Recently, Karla Homolka acted as a volunteer on a private school trip with a private Seventh-day Adventist school. Parents of children attending the school permitting Homolka as a volunteer.
Karla Homolka served 12 years in prison following a plea deal after being convicted of the rape and murder of two schoolgirls along with then-husband Paul Bernardo. She was released in 2005.
It’s standard practice to conduct background checks on employees and volunteers who have frequent contact with students in most provinces. But Homolka “is not a regular volunteer. Rarely would she have cause to go into the school, and when she is, she is never alone,” Stan Jensen, communication director for the Seventh-day Adventist Church in Canada.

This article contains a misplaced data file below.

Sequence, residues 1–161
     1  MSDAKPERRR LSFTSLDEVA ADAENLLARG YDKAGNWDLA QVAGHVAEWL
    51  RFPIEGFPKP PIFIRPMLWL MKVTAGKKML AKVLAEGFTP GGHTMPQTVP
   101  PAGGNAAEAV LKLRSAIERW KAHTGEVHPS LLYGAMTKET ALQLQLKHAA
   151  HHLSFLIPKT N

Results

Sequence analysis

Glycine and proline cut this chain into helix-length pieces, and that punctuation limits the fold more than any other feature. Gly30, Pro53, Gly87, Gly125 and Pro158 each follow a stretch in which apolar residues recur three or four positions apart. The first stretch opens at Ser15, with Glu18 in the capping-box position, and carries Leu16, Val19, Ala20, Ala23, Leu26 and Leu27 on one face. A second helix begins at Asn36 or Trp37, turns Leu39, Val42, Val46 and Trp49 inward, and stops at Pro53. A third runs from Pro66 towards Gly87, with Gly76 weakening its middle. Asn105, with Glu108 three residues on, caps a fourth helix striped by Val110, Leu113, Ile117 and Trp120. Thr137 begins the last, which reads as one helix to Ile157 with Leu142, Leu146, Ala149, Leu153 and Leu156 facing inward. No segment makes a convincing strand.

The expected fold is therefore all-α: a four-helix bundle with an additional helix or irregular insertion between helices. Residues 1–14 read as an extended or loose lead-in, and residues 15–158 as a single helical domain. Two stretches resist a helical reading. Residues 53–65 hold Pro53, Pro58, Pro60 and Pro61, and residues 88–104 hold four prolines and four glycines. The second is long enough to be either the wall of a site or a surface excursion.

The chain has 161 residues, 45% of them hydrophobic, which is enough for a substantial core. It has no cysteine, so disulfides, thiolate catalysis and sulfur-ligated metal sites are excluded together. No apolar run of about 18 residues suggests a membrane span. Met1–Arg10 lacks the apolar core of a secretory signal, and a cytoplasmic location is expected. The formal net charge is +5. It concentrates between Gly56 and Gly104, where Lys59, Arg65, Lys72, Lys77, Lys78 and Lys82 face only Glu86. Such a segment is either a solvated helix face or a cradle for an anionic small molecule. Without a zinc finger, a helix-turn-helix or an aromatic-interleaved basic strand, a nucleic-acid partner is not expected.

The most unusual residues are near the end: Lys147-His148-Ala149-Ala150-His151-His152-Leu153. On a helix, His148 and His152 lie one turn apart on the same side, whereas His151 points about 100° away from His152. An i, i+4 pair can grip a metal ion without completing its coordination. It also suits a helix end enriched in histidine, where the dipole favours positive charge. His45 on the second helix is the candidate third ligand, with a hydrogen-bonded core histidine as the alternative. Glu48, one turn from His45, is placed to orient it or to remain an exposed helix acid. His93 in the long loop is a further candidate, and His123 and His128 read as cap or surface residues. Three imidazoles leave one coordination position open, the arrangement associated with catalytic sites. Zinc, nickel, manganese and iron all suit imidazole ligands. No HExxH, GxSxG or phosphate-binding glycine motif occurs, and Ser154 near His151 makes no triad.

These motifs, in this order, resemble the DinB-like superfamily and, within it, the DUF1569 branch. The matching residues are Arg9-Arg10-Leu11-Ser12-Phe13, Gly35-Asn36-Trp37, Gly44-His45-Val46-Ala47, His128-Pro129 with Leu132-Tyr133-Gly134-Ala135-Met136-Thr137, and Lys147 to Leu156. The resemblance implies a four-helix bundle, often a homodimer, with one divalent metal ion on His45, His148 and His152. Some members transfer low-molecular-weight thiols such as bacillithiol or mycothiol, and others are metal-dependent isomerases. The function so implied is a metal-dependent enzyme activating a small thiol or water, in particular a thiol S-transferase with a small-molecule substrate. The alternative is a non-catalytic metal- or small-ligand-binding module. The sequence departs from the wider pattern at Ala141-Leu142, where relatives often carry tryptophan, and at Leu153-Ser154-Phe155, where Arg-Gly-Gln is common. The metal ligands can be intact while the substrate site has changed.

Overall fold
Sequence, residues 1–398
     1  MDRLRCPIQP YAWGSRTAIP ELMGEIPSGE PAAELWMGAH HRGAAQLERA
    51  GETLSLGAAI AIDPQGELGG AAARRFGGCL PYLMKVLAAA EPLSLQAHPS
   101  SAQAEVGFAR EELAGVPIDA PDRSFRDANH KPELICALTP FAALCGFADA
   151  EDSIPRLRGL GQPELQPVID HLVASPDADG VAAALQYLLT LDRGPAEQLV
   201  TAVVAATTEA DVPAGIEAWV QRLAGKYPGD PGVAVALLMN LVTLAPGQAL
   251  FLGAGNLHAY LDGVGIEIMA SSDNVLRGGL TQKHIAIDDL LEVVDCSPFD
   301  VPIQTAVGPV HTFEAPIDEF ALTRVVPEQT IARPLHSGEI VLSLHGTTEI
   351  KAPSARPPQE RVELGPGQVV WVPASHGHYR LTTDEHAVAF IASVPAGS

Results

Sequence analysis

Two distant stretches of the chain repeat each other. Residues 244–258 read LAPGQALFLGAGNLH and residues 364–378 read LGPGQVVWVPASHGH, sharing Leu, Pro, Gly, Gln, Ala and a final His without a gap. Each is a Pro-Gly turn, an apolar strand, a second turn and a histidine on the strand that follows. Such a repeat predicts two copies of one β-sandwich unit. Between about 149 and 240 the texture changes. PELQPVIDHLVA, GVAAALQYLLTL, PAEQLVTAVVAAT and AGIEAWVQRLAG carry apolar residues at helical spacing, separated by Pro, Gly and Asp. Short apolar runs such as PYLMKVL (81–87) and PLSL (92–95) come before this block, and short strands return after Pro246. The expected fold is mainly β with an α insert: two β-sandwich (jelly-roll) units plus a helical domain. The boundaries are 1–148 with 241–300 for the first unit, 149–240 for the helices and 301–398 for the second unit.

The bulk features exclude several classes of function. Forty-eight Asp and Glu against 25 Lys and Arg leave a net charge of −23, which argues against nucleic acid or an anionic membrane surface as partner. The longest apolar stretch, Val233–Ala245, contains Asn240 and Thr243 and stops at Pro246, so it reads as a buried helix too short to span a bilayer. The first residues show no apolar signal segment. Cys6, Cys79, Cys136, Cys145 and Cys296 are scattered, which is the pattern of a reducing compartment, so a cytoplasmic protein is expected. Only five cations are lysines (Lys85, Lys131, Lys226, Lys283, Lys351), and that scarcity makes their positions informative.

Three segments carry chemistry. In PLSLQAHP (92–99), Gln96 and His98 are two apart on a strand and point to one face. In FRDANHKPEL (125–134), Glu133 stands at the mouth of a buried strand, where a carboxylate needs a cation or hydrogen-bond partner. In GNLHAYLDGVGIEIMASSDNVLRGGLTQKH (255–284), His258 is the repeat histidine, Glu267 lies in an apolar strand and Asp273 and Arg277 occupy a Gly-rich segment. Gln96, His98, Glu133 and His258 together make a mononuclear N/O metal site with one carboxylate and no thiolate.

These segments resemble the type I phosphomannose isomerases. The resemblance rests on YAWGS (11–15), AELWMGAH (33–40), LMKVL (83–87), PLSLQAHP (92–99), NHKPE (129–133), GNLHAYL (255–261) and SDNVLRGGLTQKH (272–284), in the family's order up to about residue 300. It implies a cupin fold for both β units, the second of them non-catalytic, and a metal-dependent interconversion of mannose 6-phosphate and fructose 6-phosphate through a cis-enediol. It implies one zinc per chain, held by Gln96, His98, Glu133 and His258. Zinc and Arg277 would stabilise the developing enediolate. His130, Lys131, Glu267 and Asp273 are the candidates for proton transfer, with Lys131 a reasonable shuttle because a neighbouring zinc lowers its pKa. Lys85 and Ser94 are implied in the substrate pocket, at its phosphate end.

On her release from prison, a judge had applied 14 conditions on Homolka, under Section 810 of the Criminal Code:
- regularly reporting to the police
- “refrain from seeking, accepting or keeping any paid or unpaid job or volunteer work putting her in a position of authority over minors under 16”
However, the restrictions were quashed by a Quebec justice shortly after.
How do you feel about restrictions being applied to Homolka?
Paul Bernardo was given a 25-year sentence for his crimes in 1995. However, he Bernardo consented to designation as a dangerous offender in November 1995, meaning he can be kept in prison indefinitely.
That sentence should remain unchanged.
Read Rosie DiManno’s take on Homolka. She really calls it as it is: ROSIE